2. Besley, Timothy J. & Burgess, Robin, 2002. "Can Labour Regulation Hinder Economic Performance? Evidence from India," CEPR Discussion Papers 3260, C.E.P.R. Discussion Papers.
  3. J.V. Henderson, 1972. "The Sizes and Types of Cities," Working Papers 75, Queen's University, Department of Economics.
  4. Masahisa Fujita & Paul Krugman & Anthony J. Venables, 2001. "The Spatial Economy: Cities, Regions, and International Trade," MIT Press Books, The MIT Press, edition 1, volume 1, number 0262561476, June.
  5. Fujita,Masahisa & Thisse,Jacques-François, 2013. "Economics of Agglomeration," Cambridge Books, Cambridge University Press, number 9780521171960.
  6. Henry G. Overman & Stephen Redding & Anthony J. Venables, 2001. "The economic geography of trade, production, and income: a survey of empirics," LSE Research Online Documents on Economics 3712, London School of Economics and Political Science, LSE Library.
  7. Glaeser, E.L. & Ades, A.F., 1993. "Trade and Circuses: Explaining Urban Giants," Harvard Institute of Economic Research Working Papers 1646, Harvard - Institute of Economic Research.
  8. Krugman, Paul & Elizondo, Raul Livas, 1996. "Trade policy and the Third World metropolis," Journal of Development Economics, Elsevier, vol. 49(1), pages 137-150, April.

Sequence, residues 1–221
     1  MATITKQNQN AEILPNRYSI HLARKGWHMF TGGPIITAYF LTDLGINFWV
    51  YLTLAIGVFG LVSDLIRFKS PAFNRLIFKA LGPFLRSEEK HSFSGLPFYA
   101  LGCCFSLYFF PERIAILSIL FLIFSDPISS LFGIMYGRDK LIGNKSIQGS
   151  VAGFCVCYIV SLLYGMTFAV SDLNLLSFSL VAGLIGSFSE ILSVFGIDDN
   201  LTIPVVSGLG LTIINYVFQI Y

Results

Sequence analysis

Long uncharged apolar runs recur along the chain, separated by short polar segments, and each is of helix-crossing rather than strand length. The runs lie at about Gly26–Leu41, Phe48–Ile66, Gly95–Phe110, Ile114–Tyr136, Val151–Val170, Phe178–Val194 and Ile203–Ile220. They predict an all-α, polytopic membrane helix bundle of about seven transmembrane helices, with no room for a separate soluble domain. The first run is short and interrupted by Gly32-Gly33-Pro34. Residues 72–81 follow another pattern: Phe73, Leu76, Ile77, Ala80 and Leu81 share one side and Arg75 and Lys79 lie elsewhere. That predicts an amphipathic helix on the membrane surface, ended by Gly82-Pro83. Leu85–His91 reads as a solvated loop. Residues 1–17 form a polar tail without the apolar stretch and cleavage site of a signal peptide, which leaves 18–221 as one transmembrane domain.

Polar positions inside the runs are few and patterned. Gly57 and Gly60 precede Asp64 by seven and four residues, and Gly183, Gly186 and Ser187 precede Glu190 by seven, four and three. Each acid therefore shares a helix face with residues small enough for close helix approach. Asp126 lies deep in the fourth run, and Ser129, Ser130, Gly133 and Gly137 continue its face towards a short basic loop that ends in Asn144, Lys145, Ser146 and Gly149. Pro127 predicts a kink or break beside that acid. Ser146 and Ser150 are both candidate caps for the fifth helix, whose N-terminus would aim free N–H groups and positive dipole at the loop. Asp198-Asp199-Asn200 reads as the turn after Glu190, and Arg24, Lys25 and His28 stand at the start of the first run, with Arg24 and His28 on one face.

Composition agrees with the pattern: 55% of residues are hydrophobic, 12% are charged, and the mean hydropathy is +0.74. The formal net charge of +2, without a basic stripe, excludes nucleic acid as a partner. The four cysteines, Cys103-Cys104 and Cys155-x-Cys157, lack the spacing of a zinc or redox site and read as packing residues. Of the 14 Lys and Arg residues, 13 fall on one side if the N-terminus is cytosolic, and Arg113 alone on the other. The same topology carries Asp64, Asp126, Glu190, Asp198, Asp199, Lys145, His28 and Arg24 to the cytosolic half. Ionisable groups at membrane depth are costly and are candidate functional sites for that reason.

9. Abdel-Rahman, Hesham M. & Anas, Alex, 2003. "Theories of system of cities," Working Papers 2003-08, University of New Orleans, Department of Economics and Finance.
  10. Eaton, Jonathan & Eckstein, Zvi, 1997. "Cities and growth: Theory and evidence from France and Japan," Regional Science and Urban Economics, Elsevier, vol. 27(4-5), pages 443-474, August.
  11. Diego Puga, 1996. "Urbanisation patterns: European vs less developed countries," LSE Research Online Documents on Economics 20656, London School of Economics and Political Science, LSE Library.
  12. Henderson, J. Vernon & Shalizi, Zmarak & Venables, Anthony J., 2000. "Geography and development," Policy Research Working Paper Series 2456, The World Bank.
  13. Henderson, Vernon & Becker, Randy, 2000. "Political Economy of City Sizes and Formation," Journal of Urban Economics, Elsevier, vol. 48(3), pages 453-484, November.